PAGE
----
August 2016 Meeting Guest Speaker Greg Boldiston

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Greg gave a detailed description of a wide range of flowering bulbs. He estimated that he had between 600 to 700 different species of bulbs; many in pots.

The many of various species displayed were as follows: Crocus, Tulips, fritillaria, allium, oxalis, gladioli, ixia, mini dutch iris, tropaeolum and arum.

Greg runs the Longinomus Plants Nursery at 2931 Lancefield Road, Romsey. Contacts 0438296006 or longinomus@hotmail.com or on facebook.

July Meeting – Guest Speaker, Virginia Heywood

Virginia provided an interesting talk on the problems of associated with the demise of certain species of plants, due either to consumer taste and/or the selectivity of plant nurseries of only those plants that they believe will give the best return. The concept of old fashioned is not valid but is believed by many purchasers.

There are a great number of individuals and small scale nurseries that have taken on the responsibility of holding recognized collections of specific plant species.

Many plant species are now being reclassified and renamed as botanists use sophisticated techniques to determine minor variations.

Virginia who is one of the presenters on the 3CR Garden Show and invited members to tune in.

Sunnymeade Garden Tour

A bus tour to Sunnymeade garden on Saturday October 22, 2016, has been confirmed.

The tour is to include a visit to one or two gardens in the Alexandra Open Garden scheme. These additional gardens cannot be selected until the Alexander Club has finalised their program.

Annual General Meeting

The AGM for 2015-2016 is scheduled to be held on Monday August 15 at the Warburton Senior Citizens Centre commencing at 7:00PM.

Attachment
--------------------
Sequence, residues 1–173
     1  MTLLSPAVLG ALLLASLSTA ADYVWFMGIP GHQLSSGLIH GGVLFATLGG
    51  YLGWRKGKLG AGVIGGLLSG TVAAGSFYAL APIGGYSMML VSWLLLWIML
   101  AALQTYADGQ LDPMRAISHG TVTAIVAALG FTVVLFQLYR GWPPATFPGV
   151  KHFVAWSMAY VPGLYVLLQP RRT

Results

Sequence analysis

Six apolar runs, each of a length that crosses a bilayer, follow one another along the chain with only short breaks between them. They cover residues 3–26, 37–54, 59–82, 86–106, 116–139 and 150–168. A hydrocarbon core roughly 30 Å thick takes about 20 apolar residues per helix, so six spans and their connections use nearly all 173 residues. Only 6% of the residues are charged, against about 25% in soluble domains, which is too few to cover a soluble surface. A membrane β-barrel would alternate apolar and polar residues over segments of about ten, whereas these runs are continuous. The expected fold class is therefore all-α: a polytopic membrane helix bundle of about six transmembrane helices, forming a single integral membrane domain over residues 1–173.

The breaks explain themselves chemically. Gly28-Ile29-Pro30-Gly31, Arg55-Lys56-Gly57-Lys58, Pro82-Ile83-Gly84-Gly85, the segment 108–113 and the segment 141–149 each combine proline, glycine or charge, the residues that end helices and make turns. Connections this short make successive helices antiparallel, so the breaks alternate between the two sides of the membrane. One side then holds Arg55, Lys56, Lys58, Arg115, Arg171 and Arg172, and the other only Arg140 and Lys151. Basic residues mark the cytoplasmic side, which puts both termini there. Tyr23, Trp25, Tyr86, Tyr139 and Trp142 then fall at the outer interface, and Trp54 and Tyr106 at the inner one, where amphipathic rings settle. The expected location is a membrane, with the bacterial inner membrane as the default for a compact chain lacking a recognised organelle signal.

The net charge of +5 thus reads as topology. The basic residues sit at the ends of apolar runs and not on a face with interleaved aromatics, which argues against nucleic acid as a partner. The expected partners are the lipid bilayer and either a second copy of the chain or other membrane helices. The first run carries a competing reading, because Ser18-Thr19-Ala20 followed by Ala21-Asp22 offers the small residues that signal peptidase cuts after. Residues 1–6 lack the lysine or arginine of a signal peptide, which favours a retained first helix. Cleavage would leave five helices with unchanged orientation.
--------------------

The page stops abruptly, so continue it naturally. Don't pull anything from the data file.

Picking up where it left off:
Nomination forms were available, however, nominations can be proposed at the meeting.

June 2016 Guest Speaker

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Luciano and Heather Corallo – Strawberry Springs Farm

The strawberry farm is 70 acres in area and can support up to half a million plants. There are 40-50 employees. The area in Millgrove was selected because of the soil temperatures and the quality of the soil. A soil that poses good temperatures can prolong the growing and hence the fruiting season. The soil, while slightly acidic, is enriched using phosphorus, potassium and lime. Ploughed in green crops on an annual rotation, also maintains beneficial soil structure. All planting is carried out in north/south rows as this allows the prevailing winds to blow along the beds rather that across them, thus minimising wing damage to the plants. The open air aspect also helps reduce the problem of mildew.

All planting is of the one variety and plants are replaced each year.

Plastic is used under the plants in order to keep fruit clean and easy to pick. The plastic also helps retain moisture which is supplied by drip irrigation. All runners are trimmed off so that the plant can concentrate on producing fruit.

Pest control is maintained by the release of beneficial insects and/or bugs rather than insecticide and chemical spraying. There is a need for occasional spraying when the problems of mildew and rot occur. Most pollination occurs from the wind and bees.

There is a new retail venture on the site to cater to those who wish to purchase strawberry products like cakes, biscuits, cheesecakes and sponges. You can also pick up some beautiful large, fresh strawberries in season between November and the end of January.

The strawberry industry has recognised Yarra Valley as at the ‘top end’ of the world list for both strawberry quality and flavour. Congratulations Strawberry Springs Farm.

There were numerous questions asked by the members and answers were delivered in a very professional manner.

Peter Versteege warmly thanked Luciano and Heather for their excellent and most interesting presentation.